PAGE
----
Sony profit up, cuts forecast
By Kiyoshi Takenaka and Nathan Layne
TOKYO (Reuters) - Sony Corp <6758.T>, maker of PlayStation game gear and Vaio PCs, posted a small rise in quarterly operating profit and cut its outlook as weaker markets ate into its investments and a firmer yen hurt overseas sales.
Arch rival Matsushita Electric Industrial Co Ltd <6752.T>, the world's largest plasma TV maker, fared better, posting a 22 percent gain in quarterly profit and indicated it could beat its own annual forecast, although a slowing U.S. economy poses a big risk for both firms.
Sony enjoyed robust holiday demand for its Cyber-shot digital cameras and Handycam camcorders and managed to return its game division to profit by cutting PlayStation 3 production costs and boosting sales of its portable game machine.
But it lowered its operating profit forecast for the year to March to 410 billion yen ($3.86 billion) from 450 billion yen, citing the rising yen and the falling stock market, which has cut into the value of investments held by its life insurance unit.
The new forecast falls well short of the market consensus of 446.9 billion yen in a poll of 22 analysts by Reuters Estimates.
"The game division turning into the black is a positive," said Takeshi Osawa, a senior fund manager at Norinchukin Zenkyoren Asset Management.
"But the U.S. economic outlook is a cause of concern for its consumer electronics business. And compared with Sony, Matsushita looks more solid and stable."
Sony now expects an operating profit margin of 4.6 percent this business year, missing its target of 5 percent. The margin target has been the most visible indicator of success for Sony's turnaround efforts led by Chief Executive Howard Stringer.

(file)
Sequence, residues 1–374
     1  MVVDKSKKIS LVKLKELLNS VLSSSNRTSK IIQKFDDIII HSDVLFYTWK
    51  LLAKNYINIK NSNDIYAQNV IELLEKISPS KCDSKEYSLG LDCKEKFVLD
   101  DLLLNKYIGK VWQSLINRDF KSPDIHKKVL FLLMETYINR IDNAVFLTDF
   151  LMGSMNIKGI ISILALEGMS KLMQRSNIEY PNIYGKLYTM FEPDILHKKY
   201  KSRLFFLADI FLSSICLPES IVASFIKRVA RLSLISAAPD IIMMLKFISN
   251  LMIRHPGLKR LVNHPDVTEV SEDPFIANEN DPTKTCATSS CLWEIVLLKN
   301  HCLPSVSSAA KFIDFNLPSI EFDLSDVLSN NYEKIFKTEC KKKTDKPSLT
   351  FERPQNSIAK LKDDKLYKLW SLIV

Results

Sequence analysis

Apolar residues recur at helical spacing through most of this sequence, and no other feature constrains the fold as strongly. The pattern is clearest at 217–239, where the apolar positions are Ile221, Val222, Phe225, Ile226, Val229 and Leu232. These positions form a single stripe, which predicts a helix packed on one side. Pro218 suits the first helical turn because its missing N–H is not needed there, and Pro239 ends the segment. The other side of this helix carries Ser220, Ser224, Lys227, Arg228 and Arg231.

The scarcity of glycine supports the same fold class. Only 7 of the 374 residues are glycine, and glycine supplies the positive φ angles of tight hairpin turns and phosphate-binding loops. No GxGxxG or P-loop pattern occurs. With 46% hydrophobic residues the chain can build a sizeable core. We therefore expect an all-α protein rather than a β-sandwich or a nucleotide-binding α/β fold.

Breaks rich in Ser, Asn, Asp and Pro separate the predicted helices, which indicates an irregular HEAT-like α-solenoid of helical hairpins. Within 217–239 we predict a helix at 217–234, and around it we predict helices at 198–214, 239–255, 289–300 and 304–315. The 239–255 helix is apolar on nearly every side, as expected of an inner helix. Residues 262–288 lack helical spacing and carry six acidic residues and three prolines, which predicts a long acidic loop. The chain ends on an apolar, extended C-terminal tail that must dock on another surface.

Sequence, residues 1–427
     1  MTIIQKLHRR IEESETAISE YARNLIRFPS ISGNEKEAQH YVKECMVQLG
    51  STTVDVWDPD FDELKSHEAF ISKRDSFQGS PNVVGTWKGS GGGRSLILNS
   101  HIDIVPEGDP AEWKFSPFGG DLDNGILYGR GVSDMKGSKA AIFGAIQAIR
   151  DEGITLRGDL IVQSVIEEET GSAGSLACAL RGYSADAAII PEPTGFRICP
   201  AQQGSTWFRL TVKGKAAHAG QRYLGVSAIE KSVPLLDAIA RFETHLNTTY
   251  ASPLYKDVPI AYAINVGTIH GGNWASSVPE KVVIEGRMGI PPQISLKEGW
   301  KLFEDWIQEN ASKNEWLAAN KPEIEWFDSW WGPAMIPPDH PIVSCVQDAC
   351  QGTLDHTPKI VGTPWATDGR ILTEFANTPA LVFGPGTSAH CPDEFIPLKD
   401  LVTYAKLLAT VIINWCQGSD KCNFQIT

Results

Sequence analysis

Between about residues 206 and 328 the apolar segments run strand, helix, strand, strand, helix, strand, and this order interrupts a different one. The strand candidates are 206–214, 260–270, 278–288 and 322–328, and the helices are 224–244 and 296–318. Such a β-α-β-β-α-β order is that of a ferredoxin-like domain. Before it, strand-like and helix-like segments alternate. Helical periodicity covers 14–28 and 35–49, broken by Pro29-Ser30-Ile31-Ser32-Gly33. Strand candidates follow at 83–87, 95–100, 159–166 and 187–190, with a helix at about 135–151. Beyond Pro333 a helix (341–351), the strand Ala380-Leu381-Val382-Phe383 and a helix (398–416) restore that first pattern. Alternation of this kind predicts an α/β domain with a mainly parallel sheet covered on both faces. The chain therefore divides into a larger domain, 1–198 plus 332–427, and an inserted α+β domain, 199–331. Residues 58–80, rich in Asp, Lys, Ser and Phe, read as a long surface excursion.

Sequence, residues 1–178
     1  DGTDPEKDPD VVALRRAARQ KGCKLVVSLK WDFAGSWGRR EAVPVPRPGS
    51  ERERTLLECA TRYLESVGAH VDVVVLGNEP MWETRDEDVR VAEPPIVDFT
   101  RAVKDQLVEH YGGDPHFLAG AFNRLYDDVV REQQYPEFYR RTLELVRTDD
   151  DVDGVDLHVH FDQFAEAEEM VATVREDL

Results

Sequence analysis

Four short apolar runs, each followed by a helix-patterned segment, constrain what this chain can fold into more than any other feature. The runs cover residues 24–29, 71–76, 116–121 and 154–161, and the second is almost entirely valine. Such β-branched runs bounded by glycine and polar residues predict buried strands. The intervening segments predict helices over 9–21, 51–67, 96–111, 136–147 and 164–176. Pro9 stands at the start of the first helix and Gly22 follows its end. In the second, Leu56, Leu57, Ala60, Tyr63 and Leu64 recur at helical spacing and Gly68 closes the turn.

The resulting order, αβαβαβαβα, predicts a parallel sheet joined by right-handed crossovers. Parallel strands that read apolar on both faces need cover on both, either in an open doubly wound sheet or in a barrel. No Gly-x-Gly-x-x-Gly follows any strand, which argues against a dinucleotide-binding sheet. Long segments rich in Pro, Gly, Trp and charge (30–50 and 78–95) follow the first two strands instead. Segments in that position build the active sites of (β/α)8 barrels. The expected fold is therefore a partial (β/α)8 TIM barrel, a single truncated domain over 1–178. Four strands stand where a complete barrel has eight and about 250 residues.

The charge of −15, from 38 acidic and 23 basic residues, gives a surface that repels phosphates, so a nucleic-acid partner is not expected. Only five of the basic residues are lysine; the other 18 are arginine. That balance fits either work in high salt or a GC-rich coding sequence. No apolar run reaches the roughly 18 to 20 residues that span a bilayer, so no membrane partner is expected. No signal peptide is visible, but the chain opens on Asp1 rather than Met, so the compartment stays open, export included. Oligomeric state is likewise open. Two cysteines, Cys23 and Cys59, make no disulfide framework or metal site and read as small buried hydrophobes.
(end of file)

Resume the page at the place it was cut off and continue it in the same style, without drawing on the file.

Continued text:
Sony, which vies with Samsung Electronics Co Ltd <005930.KS> and Sharp Corp <6753.T> in flat TVs, has shed 10,000 jobs and a wide range of non-core assets over the past few years.
But tumbling prices of LCD TVs and other key products have cut into its earnings. Sony's core electronics division saw its operating income fall 7 percent in the October-December quarter, also hurt by lower sales of semiconductors to the game division.
Sony said it was worried that demand in the United States could be hit by the effects of the subprime mortgage loan crisis.
"We have seen no sign of demand weakening in the U.S. due to the subprime loan problems, but we expect there to be a gradual impact from here on," Sony Chief Financial Officer Nobuyuki Oneda told a news conference.
Sony's operating profit for October-December came to 189.36 billion yen, up 5.9 percent from 178.91 billion yen in the same quarter a year earlier, though far below the average estimate of 245.5 billion yen from four analysts. Net profit rose 25 percent to 200.22 billion yen, its highest quarterly profit ever.
Sony raised its PlayStation Portable sales estimate by 30 percent to 13 million for the year to March, while cutting its PS3 sales target by 14 percent to 9.5 million units.
Rival Nintendo Co Ltd <7974.OS> aims to sell 18.5 million units of the Wii console during the same period, or twice as many as the PS3's estimated sales.
Panasonic maker Matsushita, meanwhile, said its operating profit came to a record 165.4 billion yen in October-December, up from 135.83 billion yen a year earlier, helped by brisk demand for its Lumix digital cameras and Viera flat televisions.
Matsushita will change its name to Panasonic Corp on October 1.
It left unchanged its forecast for operating profit to rise 4 percent to 477 billion yen in the full year to March. That is below the consensus of 493.8 billion yen in a poll of 20 analysts by Reuters Estimates.
"The announced number for operating profit is the least we are likely to be achieving. We are now trying to reach our in-house target of 500 billion yen," Matsushita director Makoto Uenoyama told a news conference.
Prior to the announcement, shares in Sony closed up 3.6 percent at 5,220 yen, outperforming the Tokyo stock market's electrical machinery index <.IELEC.T>, which rose 2.7 percent. Matsushita soared 8.7 percent to 2,250 yen ahead of its results.
(Additional reporting by Noriyuki Hirata, Taiga Uranaka, Editing by Michael Watson and David Cowell)